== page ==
You might have the papers, the years spent stateside, the Green Card, the great moral character and a perfect pile of paperwork ready for your citizenship to be pushed through. However, one last major obstacle stands in your way of becoming a US citizen. This obstacle, of course, is the naturalization test. Your citizenship will depend on whether or not you pass the test; so it’s a test to be taken very seriously.
The test, which is administered to citizenship applicants by the USCIS, basically shows whether or not you are capable of speaking enough English, and knowing enough about American civics, to stay in the country. Once you have made the appointment to take the citizenship test, you will have to start studying. Here is a general overview of what you should expect to see on the test.
- There are two major fields of study that the naturalization test will measure – your English fluency and your knowledge of American civics.
- The civics test is an oral test, and will be compiled of 10 questions randomly picked from a set of 100. You need to get at least six questions correct in order to past this portion of the naturalization test.
- The English portion of the test will include both oral and written portions.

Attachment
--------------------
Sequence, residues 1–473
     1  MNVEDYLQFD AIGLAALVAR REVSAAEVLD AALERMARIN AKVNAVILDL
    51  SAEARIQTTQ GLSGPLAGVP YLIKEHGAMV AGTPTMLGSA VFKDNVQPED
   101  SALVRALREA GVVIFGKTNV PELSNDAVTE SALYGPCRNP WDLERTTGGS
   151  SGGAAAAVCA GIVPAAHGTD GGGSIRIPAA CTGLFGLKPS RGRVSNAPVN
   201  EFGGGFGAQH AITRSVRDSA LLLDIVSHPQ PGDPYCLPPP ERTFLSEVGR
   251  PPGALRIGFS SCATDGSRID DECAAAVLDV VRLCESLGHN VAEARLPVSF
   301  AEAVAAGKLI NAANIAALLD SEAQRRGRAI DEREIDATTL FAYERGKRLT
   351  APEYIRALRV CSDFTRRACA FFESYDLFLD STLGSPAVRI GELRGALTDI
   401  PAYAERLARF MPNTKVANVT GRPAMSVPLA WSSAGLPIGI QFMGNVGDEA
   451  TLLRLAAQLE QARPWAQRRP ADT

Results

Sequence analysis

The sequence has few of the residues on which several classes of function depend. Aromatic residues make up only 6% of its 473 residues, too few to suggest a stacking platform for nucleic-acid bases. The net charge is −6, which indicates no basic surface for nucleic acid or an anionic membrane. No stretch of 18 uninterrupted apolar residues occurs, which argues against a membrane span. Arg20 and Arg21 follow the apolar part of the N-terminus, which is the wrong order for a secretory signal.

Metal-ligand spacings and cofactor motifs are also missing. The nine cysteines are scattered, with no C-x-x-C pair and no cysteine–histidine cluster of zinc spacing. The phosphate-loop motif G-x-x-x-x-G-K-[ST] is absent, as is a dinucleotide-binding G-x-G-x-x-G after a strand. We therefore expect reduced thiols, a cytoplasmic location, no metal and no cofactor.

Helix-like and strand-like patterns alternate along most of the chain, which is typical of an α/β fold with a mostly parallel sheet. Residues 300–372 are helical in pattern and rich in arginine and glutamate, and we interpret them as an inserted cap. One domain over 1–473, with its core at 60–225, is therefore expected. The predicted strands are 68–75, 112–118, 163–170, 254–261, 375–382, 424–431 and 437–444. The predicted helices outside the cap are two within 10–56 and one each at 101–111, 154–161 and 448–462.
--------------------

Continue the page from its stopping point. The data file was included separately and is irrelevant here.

- The oral English portion will include you reading sentences in English. You also will be required to show that you have a grasp of the English language, which will be determined by a USCIS officer. Lastly, you also will have to write one out of three sentences in English without error in order to pass the English portion of the exam.
- The USCIS has some study materials on its site to help you pass the exam, but it’s highly encouraged to study with a group, too.
While the naturalization test may not take too long to take, it will have a defining impact on whether or not you will be able to stay in this country. Of course, many immigrants often find that their application is denied before they even make the appointment to take the test. Having an experienced immigration lawyer on your side may boost your chances of success when it comes to citizenship.
Contact Michael Noriega at the law firm of Bramnick, Rodriguez, Grabas, Arnold & Mangan, LLC for a review of your case and sound legal advice.